PANCHADASI--- part 49

madan_gautam's picture

Average: 1.7 (15 votes)

1. Just as a wall illumined by the rays of the sun is more illumined when the light of the sun reflected in a mirror falls on it, so the body illumined by Kutastha is more illumined by the light of Kutastha reflected in the intellect (Chidabhasa).
2. When many mirrors reflect the light of the sun on to a wall which is already illumined by the sun, spaces between the various reflections are illumined by the light of the sun alone; and even if the reflections are not there, the wall still remains illumined.
3. Similarly, both in the intervals between the modifications of the intellect (Vrittis), in which Chidabhasa is reflected and during their absence (in deep sleep) Kutastha abides self-illumined; and Kutastha is therefore to be known as different from Chidabhasa.
4. An external object, such as a pot, is cognised through the Vrittis (modifications of the intellect) assuming its form, but the knowledge 'I know the pot’ comes (directly) through pure consciousness, Brahman.
5. Before the rise of the Vritti (i.e., before the intellectual operation) my experience was ‘I do not know that there is a pot over there’; after the rise, the experience is ‘I know that there is a pot over there’. This is the difference the intellectual operation or Vritti brings about. But both the above experiences of knowledge or non-knowledge of the pot are due to Brahman.
6. Cognition or knowledge (of external thing) is the action (thereon) of the intellectual modification tipped with Chidabhasa like the steel-head of a spear. And non-cognition is the (beginningless but not endless) dullness (of an external thing) covering its revelation. Thus an external thing is spoken of in two ways, as a thing (pot) known or unknown as the intellectual modification spear-headed by Chidabhasa pierces its cover of dullness or not.
7. If the cognition of an unknown pot can be had through Brahman why not that of a known pot ? It does produce the cognition, for the Chidabhasa ceases functioning, as soon as the pot is made known.
8. If the intellect is without Chidabhasa, the cognition of an object cannot take place. For how does intellect in such a case differ from a lump of clay which is unconscious and insentient ?
9. Nowhere is a pot said to be known when it is besmeared with clay. Similarly when a pot is besmeared or covered by a Vritti only (not along with Chidabhasa) it cannot be said to be known (for both the clay and the Vritti are themselves unconscious and insentient).
10. Hence cognition (of a pot) is that reflection of consciousness (on the pot) which is produced as a result of the enveloping operation of the Vritti-cum-Chidabhasa. Brahman or pure consciousness cannot be this resultant reflection of consciousness inasmuch as it (being the eternal and immutable existence) exists prior to cognition.
11. (But will it not go against Sureshvaracharya’s opinion expressed in the following Vartika ?) ‘According to the authoritative books on Vedanta an object of cognition, in matters of external objects, is that Samvit or consciousness which is the result of the act of cognition.’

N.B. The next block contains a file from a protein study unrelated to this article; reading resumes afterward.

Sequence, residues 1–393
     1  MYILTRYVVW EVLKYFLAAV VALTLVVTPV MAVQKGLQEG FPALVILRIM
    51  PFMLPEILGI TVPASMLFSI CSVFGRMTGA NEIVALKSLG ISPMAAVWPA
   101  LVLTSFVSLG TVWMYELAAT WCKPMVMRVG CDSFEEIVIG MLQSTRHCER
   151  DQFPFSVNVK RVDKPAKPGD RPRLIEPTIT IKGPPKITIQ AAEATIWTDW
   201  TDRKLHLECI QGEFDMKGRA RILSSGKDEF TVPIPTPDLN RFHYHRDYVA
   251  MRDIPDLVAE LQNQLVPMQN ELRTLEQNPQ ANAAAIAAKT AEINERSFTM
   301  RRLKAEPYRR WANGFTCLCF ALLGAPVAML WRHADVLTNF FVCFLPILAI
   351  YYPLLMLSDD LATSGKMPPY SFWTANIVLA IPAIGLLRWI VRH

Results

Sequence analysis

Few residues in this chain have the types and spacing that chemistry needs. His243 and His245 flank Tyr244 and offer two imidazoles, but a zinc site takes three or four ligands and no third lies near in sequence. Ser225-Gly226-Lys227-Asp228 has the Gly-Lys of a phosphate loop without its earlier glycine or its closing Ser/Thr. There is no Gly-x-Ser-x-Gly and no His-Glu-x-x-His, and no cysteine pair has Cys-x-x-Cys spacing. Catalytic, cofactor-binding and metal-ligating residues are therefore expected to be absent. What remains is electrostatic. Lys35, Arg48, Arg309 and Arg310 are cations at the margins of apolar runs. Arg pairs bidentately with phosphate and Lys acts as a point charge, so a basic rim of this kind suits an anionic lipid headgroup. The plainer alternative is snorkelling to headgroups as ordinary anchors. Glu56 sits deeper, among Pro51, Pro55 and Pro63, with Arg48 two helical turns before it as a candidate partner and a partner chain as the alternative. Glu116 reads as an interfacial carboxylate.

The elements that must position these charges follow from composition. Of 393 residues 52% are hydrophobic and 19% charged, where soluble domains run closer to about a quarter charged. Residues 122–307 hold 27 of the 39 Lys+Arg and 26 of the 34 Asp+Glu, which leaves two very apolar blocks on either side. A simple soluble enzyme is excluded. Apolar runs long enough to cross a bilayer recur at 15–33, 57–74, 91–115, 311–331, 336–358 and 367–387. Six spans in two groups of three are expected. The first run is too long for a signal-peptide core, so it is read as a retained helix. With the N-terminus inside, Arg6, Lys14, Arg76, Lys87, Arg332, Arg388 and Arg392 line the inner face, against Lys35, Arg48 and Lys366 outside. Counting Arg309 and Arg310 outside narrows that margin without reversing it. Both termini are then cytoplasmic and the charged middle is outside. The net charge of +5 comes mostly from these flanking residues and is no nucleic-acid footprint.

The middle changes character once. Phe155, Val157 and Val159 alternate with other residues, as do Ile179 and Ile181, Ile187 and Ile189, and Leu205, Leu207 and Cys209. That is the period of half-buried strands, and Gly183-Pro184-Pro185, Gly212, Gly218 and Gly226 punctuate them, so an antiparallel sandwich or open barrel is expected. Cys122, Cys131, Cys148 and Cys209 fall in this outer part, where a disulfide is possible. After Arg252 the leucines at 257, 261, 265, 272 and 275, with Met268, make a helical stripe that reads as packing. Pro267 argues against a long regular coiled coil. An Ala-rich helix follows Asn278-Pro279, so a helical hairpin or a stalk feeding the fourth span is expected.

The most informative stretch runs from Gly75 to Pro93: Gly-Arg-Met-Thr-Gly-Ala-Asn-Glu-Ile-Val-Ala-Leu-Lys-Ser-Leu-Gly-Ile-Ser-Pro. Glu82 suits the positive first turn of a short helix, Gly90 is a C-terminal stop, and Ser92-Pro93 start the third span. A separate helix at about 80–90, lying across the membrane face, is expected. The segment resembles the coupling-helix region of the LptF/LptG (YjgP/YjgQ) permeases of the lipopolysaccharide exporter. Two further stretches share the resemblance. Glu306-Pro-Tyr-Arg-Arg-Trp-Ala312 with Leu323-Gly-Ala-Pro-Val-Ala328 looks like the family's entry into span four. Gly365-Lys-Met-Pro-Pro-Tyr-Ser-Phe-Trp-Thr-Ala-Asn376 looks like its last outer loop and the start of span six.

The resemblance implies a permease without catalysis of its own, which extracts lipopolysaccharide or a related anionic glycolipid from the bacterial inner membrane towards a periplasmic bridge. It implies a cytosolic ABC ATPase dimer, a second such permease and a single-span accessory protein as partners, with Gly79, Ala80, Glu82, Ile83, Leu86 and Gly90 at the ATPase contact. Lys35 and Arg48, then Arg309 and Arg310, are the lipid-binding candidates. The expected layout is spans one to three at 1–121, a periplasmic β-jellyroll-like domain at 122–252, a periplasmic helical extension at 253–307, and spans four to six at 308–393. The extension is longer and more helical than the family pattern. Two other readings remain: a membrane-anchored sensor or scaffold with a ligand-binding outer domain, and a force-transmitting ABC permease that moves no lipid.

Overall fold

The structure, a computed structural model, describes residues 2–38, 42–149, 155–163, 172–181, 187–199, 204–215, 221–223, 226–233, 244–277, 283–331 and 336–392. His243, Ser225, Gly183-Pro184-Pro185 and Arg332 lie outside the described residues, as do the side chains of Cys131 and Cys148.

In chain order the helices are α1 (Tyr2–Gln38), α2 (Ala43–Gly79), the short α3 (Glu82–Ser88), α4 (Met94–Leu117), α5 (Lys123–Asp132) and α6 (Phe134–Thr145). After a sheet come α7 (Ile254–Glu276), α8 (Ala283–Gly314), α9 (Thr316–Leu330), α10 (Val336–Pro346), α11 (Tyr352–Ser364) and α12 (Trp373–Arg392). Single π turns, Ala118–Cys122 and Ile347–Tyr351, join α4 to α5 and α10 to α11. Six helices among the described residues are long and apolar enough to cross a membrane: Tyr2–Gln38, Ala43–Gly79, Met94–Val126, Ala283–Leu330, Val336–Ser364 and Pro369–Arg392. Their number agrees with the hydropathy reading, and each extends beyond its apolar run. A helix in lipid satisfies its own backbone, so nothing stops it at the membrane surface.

12. Here by ‘Samvit’ or consciousness what Sureshvaracharya means is the resultant reflected consciousness, for the great Sankaracharya himself (Sureshvara’s guru) in his Upadeshasahasri has made the distinction between Brahman-Chaitanya and the ‘resultant’-Chaitanya amply clear.
13. Therefore the reflection of consciousness produced on the pot is the cause of its cognition; and the knownness or knowledge of this cognition, exactly as its ignorance, is the work of the Brahman-Chaitanya.
14. The Vritti of intellect, the reflection of Chit on the pot and the (object) pot – all three are made known by Brahman-Chaitanya; whereas the (object) pot’s existence (at a particular place) is known by the reflection of Chit on the pot, inasmuch as it is the ‘resultant’ consciousness.
15. So the knowledge of a pot involves a double consciousness, viz., Brahman-consciousness and Vritti-cum-Chidabhasa-consciousness (covering the pot). Brahman-consciousness corresponds to the consciousness which accompanies what the Naiyayikas call ‘knowledge of knowledge’ (Anuvyavasaya), the knowledge which follows the cognition of objects (that I know my knowledge or existence of objects).
16. The cognition ‘This is a pot’ is due to Chidabhasa, but the knowledge ‘I know the pot’ is derived from Brahman-consciousness.
17. Just as in objects outside the body, Chidabhasa has thus been differentiated from Brahman, so within the body too Chidabhasa is to be differentiated from the immutable Kutastha.
18. As fire pervades a red-hot piece of iron, so Chidabhasa pervades I-consciousness as well as lust, anger and other emotions.
19. Even as a red-hot piece of iron manifests itself only and not other objects, similarly the modifications of the intellect (Vrittis), aided by Chidabhasa, manifest themselves only, i.e., the things which they cover and not others.
20. All modifications are produced one after another (i.e., with gaps in between); and they all become latent during deep sleep and in the states of swoon and Samadhi.